Conversation-analysis (CA) as a tool for exploring interaction in an online video-conferencing based support service

Chatwin, JR ORCID: https://orcid.org/0000-0003-3091-9117 and McEvoy, P 2019, 'Conversation-analysis (CA) as a tool for exploring interaction in an online video-conferencing based support service' , Journal of Enabling Technologies .

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Abstract

Purpose: Around 60% of people with dementia in the UK live at home. The experience of caring for a family member with dementia can be rewarding and positive, but it can also be significantly stressful. Current healthcare policy is encouraging greater provision to support family carers. Along with respite-care, day-care and support group-based initiatives, there has also been a focus on developing dementia-specific communication training.
Approach: We outline a new initiative ‘Empowered Carers’ which is being piloted in the North of England. Empowered Carers is an online support and communication training service for family carers who are caring for someone with dementia at home. It utilises online video conference-calling technology to connect carers with support workers, and also allows for simultaneous interactions involving other family members. A central tenet of the approach is a theoretically grounded support model, based on the concept of mentalisation.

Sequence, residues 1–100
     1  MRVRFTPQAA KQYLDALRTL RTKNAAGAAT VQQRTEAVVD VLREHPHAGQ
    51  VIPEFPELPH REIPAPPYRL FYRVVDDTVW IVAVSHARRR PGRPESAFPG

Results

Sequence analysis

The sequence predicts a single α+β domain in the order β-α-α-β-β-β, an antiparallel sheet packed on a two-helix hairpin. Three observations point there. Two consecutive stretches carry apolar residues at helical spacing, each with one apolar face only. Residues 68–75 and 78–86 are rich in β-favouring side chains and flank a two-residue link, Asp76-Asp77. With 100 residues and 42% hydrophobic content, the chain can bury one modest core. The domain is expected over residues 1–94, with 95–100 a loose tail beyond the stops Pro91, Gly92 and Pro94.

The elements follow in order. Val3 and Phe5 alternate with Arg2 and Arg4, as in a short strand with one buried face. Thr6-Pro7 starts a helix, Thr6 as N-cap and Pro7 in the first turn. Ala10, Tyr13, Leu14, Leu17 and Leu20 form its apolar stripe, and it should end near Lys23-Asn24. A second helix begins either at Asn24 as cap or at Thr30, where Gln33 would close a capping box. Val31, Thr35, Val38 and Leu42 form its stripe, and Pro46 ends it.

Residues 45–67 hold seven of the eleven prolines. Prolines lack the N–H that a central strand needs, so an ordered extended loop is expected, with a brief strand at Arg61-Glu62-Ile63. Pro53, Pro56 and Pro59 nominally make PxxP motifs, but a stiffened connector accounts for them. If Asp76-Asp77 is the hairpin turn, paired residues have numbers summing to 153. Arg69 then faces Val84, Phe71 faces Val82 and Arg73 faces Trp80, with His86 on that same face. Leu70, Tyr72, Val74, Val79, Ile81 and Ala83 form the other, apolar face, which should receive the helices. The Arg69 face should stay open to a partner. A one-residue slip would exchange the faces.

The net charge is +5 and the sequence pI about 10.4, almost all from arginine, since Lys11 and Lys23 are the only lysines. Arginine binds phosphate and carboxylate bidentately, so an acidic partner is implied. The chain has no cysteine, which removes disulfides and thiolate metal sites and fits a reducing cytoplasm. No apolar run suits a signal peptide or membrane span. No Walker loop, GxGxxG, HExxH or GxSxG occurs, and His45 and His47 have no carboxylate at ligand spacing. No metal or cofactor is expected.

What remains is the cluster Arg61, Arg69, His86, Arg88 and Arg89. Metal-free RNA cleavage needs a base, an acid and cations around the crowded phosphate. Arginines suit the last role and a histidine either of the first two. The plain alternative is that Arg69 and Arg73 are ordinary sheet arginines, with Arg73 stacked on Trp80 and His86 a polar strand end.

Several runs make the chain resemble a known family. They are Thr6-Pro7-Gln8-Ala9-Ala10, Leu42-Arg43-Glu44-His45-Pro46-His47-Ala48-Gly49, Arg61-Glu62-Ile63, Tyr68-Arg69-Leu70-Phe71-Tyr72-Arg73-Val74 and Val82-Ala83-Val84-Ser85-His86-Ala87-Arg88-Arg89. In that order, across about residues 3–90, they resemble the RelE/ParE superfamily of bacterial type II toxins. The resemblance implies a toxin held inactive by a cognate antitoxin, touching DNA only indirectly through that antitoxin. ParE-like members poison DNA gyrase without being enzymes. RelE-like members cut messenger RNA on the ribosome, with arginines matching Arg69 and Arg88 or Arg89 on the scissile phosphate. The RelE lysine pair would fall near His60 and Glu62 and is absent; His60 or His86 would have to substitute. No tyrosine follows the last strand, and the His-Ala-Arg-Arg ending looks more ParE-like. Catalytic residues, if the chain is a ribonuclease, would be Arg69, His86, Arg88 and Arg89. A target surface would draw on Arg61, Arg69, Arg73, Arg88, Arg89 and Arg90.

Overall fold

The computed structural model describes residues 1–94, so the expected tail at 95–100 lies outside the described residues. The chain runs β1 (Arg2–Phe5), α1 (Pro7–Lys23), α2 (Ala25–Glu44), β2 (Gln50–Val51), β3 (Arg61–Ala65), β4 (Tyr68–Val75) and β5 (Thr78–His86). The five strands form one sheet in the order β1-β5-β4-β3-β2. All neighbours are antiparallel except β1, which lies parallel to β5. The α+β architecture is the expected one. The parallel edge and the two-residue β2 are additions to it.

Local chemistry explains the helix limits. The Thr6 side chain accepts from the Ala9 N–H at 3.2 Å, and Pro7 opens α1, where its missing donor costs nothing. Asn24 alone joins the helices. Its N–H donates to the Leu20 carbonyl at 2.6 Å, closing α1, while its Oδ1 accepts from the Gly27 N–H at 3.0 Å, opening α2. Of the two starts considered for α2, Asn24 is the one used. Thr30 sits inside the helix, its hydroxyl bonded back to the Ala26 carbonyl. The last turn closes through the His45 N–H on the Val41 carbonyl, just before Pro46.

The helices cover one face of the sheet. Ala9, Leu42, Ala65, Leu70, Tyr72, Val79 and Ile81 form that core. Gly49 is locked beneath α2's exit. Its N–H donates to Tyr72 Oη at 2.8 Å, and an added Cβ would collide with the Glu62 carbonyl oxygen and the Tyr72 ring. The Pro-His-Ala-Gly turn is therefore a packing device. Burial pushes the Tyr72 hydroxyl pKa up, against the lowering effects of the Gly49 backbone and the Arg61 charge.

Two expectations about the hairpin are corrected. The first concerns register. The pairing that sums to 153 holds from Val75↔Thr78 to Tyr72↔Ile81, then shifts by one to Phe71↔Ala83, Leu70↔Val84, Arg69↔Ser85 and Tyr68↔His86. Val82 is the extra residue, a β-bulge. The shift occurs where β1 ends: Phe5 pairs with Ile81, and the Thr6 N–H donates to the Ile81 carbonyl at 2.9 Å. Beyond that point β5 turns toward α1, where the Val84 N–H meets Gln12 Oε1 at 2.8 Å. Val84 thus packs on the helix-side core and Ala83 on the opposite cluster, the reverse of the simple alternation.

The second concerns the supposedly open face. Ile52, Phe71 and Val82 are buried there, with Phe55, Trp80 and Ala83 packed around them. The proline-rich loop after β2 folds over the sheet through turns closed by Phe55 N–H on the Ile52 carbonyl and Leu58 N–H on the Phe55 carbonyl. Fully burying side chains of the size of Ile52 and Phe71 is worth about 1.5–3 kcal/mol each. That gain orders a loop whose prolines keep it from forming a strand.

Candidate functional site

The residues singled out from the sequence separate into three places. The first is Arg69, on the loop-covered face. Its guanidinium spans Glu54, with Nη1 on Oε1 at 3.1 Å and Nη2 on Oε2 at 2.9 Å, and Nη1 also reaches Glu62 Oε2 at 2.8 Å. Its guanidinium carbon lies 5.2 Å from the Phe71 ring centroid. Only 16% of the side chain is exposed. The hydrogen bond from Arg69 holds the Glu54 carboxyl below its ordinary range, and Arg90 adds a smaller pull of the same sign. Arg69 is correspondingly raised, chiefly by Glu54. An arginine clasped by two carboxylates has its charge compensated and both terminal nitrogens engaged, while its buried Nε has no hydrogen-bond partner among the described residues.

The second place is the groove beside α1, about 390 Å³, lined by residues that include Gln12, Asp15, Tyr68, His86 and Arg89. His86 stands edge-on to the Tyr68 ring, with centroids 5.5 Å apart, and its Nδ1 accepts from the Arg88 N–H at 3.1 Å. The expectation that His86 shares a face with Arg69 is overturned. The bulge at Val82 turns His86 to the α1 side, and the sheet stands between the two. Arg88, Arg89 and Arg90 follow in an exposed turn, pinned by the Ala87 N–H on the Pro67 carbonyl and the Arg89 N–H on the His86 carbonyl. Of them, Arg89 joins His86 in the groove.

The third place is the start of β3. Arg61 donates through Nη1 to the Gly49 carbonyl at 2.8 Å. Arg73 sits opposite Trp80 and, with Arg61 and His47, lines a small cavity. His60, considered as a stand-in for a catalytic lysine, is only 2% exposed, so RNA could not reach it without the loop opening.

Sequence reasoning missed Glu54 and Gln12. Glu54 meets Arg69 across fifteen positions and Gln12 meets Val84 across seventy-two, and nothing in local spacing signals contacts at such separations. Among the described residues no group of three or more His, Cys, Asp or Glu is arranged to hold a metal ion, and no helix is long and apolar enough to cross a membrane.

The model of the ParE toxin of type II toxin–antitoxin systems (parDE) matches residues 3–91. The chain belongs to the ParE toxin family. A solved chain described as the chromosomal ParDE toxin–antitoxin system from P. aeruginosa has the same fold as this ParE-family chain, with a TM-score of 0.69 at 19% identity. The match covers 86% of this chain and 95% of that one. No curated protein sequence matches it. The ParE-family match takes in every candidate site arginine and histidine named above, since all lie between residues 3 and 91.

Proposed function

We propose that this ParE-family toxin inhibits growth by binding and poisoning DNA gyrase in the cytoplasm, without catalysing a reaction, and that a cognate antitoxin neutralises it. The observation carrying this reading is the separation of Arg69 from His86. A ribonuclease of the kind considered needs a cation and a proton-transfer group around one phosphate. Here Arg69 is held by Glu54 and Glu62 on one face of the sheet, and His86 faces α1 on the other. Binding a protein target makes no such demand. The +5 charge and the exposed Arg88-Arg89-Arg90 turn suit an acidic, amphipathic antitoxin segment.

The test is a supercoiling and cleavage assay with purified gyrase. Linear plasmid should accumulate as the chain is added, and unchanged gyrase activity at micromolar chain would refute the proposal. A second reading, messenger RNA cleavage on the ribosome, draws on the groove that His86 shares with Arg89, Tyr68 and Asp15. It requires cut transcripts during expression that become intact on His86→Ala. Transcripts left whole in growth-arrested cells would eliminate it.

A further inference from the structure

Findings: We describe the background to Empowered Carers, and how a conventional evaluation strategy for the initiative is being used alongside a socio-linguistic approach (Conversation Analysis – CA). This aims to provide empirical evidence about how the assimilation of mentalisation is reflected in the structuring of speech patterns in carers during support sessions.
Value: We explain the CA method, how it has been applied to similar talk-based therapeutic settings, and why its ability to explore sequential linguistic patterns across extremely large data-sets is particularly suited to studying interaction in emerging online arenas.

Keywords: Conversation Analysis (CA); carer support; Video-conferencing; real-time online support services; mentalisation; family carers; dementia.

Item Type: Article
Schools: Schools > School of Health and Society > Centre for Applied Research in Health, Welfare and Policy
Journal or Publication Title: Journal of Enabling Technologies
Publisher: Emerald
ISSN: 2398-6263
Related URLs:
Funders: Salford CVS
Depositing User: JR Chatwin
Date Deposited: 14 Mar 2019 12:38
Last Modified: 02 Apr 2020 10:44
URI: http://usir.salford.ac.uk/id/eprint/50412

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